Politics & Policy

CPAC in the Era of Trump

Trump at CPAC 2014(Brendan Smialowski/AFP/Getty)
Trump’s rise was foreshadowed by the tone of the Right’s largest conference.

Hey, conservatives, are you ready to gather and celebrate at this year’s Conservative Political Action Conference?

The Republican front-runner is a man who celebrates the individual mandate for health insurance, touts ethanol mandates and subsidies, loves eminent domain, wants to see “an expensive investment” in new infrastructure projects, and vehemently opposes entitlement reforms. New York Times columnist and icon of the Left on budgetary matters Paul Krugman salutes him as “right on economics.” Senator Elizabeth Warren of Massachusetts applauds his contention that “there ought to be more taxation of the billionaires.”

The previously pro-choice, thrice-married casino and strip-club owner who bragged of his affairs with married women, kissed Rudy Giuliani dressed in drag, defends Planned Parenthood, and says he’s never asked for God’s forgiveness . . . is winning the Evangelical vote in state after state and was endorsed by Jerry Falwell Jr.

The Republican front-runner pledges to demand financial compensation from U.S. allies for their protection by American military forces. He speaks warmly of Vladimir Putin and praised the Chinese crackdown in Tiananmen Square as showing “the power of strength.” He has promised to give the U.S. military at least two unlawful orders that they would likely refuse to obey (kill the families of terrorists and do a “hell of a lot worse” than waterboarding). He periodically calls for seizing Middle Eastern oil fields, wants to ban all Muslim visitors to the United States, and pledges to remain “neutral” between Israel and Palestine.

Who’s ready to party?

Despite his glaring opposition to a plethora of traditional conservative positions, Donald Trump is likely to get a warm welcome from a large portion of the 10,000 or so conservatives under one roof of the Gaylord National Resort and Convention Center. He first spoke to CPAC in 2011; the then-director of the conference, Lisa DePasquale, said it was “the largest crowd we have ever had” in anticipation of the billionaire. “We have overflow rooms filled! This ballroom filled!” Trump was warmly received by organizers and the audience in 2014 and 2015 as well.

For those who stare in disbelief at the Trump-enamored party and at conservative stalwarts gushing with admiration for “Mr. Trump,” who wonder how things could come to this, look to CPAC as a leading indicator.

#share#The conference was and is always a cacophonous mix of the serious and the sublimely silly: think-tank policy experts and lawmakers rubbing shoulders with gadflies and niche celebrities such as Phil Robertson of Duck Dynasty, Kirk Cameron, Stephen Baldwin, the Duggars, and “Hercules” Kevin Sorbo. The biggest issues facing the country and the world were debated on stage, while outside, convention-goers posed for pictures with Marvel superheroes in full costume, a Revolutionary-garb tea-party guy, and Uncle Sam on stilts.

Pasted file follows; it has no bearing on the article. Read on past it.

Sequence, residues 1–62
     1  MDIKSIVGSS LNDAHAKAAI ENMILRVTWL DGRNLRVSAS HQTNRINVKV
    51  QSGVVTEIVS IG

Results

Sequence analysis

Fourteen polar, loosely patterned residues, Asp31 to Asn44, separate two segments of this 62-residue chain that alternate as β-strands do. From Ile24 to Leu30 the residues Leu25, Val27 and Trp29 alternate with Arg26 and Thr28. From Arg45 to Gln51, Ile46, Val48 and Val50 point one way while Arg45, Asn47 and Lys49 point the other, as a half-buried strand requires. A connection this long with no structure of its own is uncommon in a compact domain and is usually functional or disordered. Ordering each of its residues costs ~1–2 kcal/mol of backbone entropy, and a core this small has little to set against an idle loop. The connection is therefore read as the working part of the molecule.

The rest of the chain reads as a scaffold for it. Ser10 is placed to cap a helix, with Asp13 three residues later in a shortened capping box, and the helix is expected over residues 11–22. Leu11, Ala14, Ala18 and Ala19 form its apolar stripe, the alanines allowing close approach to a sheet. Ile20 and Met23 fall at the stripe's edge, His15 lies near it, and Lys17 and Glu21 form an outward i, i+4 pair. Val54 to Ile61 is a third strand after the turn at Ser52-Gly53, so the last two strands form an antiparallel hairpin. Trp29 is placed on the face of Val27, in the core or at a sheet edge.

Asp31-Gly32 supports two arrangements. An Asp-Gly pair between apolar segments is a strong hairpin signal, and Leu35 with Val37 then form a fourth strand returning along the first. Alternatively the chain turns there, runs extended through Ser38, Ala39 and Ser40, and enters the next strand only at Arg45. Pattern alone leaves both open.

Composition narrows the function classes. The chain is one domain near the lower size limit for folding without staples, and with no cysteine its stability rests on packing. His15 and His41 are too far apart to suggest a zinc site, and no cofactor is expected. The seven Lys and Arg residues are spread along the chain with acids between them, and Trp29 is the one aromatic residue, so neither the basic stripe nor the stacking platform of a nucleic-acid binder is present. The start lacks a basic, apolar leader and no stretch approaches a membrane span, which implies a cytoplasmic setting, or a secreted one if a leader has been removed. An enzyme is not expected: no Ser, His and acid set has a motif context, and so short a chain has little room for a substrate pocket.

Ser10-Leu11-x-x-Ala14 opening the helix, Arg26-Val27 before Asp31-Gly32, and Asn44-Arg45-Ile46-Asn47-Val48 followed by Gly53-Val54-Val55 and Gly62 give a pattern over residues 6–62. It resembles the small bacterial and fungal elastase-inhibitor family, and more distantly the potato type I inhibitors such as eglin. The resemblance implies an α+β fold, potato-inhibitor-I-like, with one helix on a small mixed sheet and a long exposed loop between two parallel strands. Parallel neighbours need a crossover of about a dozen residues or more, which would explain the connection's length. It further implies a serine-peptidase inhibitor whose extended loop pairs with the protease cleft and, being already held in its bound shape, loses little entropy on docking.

Former John McCain strategist and MSNBC contributor Steve Schmidt once called CPAC “the Star Wars bar scene of the conservative movement.” That seemed like a hyperbolic, sneering assessment . . . until the 2014 conference featured Imperial stormtroopers, Boba Fett, and other Star Wars characters walking around.

Star Wars costumes at CPAC 2014 (Chip Somodevilla/Getty)

Self-identified conservatives, as much as any other Americans, like watching the circus coming to town, the unpredictable, the funny, the surprising, the shock value. If politics is increasingly indistinguishable from pop culture and in particular pop-culture entertainment, CPAC merely reflects this broader societal change.

Even Trump’s periodic racial controversies have been foreshadowed by the display of good, bad, and ugly modern conservatism at CPAC. One of the predictable mainstream-media stories at the conference each year is spotlighting an offensive or racist tchotchke from a vendor. All it takes is one bumper sticker and that becomes the photo sent out over the wires; MSNBC usually get a month’s worth of programming out of it.

The celebrities, one-liners, and outrageous personalities at CPAC indicate a shrinking interest in ideas and policies.

What Donald Trump served up this cycle just reflects the growing portions of the menu at CPAC: celebrity, red meat, bold promises with few details, sneering derision of critics, jokes, a vague whiff of racial provocation. The celebrities, one-liners, and outrageous personalities made CPAC bigger than, say, the Heritage Foundation’s Resource Bank, which features only policy wonks from state-level activism and research groups. But they also indicate a shrinking interest in ideas and policies. A slew of Republican governors who enacted conservative reforms put themselves before the primary electorate this past year, and the electorate took a pass at Rick Perry’s economic miracle in Texas, Bobby Jindal’s turnaround of hurricane-devastated Louisiana, Scott Walker’s overhaul of state government and labor laws. That’s boring, man. Give us somebody mimicking Ben Carson stabbing a guy.

Ultimately, a significant plurality of Republicans don’t care that much about the details. They just want somebody who will promise them the world — a border wall financed by Mexico! Apple will make iPads in the United States! A secret “foolproof” plan to defeat ISIS! — and ask nothing of them but their votes.

— Jim Geraghty is the senior political correspondent of National Review Online. He was CPAC’s Journalist of the Year in 2015, which doesn’t make this the least bit awkward at all. No, sir.

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